Can I Deduct Interest Paid on a Bank Loan on My Federal Taxes?
Consumerism in the United States is the backbone of the economy. Debt and credit accounts are used for individual purchases, business start-ups and massive capital infusions. As a result, America is one of the most indebted societies in the world. However, there can be relief from some of this debt. The IRS allows for some of the interest you pay on bank loans to be deducted on your federal taxes each year. It is important to understand what is deductible.
The most common, and advantageous, bank loan tax deduction is the mortgage interest deduction. This deduction is available to all homeowners who are currently paying on a home mortgage, a home equity loan or a home equity line of credit. This can be a significant deduction as the interest paid on these loans, particularly the ones that were recently opened, is often substantial. This can in turn reduce your total tax liability.
Unsecured Bank Loans
Unsecured bank loans, like credit cards and small lines of credit, cannot be used on your federal taxes as interest deductions. The government significantly rewards homeowners -- and not renters -- for their bank loans. However, if you use your non-owned home for any kind of business, you might be able to deduct the rent you pay toward that home. In other words, if you are using an unsecured bank loan to support your housing or your small business, you might be able to get tax relief.
Many student loans are financed by private banks. This not only applies to private loans, but to some federally insured loans as well. The federal government allows you to deduct up to $2,500 in student loan interest that you paid over the course of a year on your student loans. This can be particularly useful if you are burdened by massive student loans from college or graduate school. Of course, it is best to speak with a tax adviser prior to writing off these interest payments.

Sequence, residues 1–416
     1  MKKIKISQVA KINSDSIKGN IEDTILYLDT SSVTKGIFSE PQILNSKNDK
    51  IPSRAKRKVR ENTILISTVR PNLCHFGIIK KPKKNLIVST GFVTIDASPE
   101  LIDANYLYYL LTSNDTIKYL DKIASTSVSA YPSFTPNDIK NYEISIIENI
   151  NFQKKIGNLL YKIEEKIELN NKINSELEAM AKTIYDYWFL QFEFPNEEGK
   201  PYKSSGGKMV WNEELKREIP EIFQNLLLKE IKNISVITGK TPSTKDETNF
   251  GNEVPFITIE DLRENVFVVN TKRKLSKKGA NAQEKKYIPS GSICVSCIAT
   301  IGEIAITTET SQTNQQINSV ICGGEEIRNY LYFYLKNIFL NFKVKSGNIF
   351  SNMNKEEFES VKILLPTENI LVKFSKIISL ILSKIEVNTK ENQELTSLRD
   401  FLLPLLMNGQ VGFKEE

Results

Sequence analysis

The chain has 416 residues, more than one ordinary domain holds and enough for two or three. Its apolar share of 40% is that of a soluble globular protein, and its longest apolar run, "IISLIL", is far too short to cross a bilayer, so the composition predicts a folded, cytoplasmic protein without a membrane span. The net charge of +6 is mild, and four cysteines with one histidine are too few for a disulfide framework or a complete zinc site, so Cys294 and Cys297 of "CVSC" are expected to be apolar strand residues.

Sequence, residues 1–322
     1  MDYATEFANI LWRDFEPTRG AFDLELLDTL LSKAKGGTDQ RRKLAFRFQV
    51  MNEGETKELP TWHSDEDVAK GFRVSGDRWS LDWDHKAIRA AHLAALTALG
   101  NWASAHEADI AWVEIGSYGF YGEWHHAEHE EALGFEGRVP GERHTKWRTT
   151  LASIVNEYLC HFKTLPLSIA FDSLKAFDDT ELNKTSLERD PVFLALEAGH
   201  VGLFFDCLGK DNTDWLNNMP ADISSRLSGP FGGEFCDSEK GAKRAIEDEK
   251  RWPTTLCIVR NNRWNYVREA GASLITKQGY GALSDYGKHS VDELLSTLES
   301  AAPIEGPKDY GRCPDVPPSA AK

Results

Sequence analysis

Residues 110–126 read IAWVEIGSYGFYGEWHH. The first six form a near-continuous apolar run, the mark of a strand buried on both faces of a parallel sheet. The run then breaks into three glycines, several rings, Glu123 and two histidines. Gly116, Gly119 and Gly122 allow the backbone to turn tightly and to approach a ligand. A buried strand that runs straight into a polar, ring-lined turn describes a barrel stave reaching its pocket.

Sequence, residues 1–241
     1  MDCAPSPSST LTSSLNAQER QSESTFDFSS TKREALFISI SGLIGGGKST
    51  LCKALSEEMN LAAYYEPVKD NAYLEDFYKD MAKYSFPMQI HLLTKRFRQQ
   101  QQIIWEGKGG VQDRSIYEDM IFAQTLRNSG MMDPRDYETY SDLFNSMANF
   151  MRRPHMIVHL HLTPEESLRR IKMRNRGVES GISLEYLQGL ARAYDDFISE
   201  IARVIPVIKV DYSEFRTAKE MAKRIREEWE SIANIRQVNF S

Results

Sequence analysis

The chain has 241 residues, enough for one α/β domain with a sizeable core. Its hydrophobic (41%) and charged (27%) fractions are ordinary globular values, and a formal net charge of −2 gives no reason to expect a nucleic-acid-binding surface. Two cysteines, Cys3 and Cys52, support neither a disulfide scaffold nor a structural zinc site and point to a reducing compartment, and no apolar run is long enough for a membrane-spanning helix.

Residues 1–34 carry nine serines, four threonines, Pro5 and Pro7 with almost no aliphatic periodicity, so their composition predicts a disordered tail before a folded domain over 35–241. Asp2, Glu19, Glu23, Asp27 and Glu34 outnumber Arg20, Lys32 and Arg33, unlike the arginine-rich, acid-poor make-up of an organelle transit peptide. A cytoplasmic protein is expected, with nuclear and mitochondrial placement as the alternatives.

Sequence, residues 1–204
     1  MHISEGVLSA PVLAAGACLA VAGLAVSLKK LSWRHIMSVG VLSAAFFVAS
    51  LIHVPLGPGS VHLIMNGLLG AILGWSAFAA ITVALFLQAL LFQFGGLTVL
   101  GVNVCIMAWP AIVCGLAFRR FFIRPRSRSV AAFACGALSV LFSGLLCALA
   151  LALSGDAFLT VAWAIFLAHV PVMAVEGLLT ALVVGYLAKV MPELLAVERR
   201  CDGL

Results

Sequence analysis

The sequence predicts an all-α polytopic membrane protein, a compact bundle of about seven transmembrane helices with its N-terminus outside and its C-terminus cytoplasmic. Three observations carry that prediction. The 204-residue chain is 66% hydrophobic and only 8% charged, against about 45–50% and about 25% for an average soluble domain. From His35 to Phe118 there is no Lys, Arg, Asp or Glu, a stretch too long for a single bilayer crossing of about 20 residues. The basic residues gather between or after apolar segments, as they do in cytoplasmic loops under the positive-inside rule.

The IRS also allows homeowners to deduct mortgage points and fees on their federal returns each year. This means that, in addition to mortgage interest, homeowners might be able to further reduce their tax liability by writing off origination and discount points. This deduction does not apply to fees like appraisal cost, attorney fees or title insurance. In addition, it only applies to the cost of the loan for one year. Therefore, if you financed your origination fees, you can only write off the amount you paid in the tax year.
Based in Eugene, Ore., Duncan Jenkins has been writing finance-related articles since 2008. His specialties include personal finance advice, mortgage/equity loans and credit management. Jenkins obtained his bachelor's degree in English from Clark University.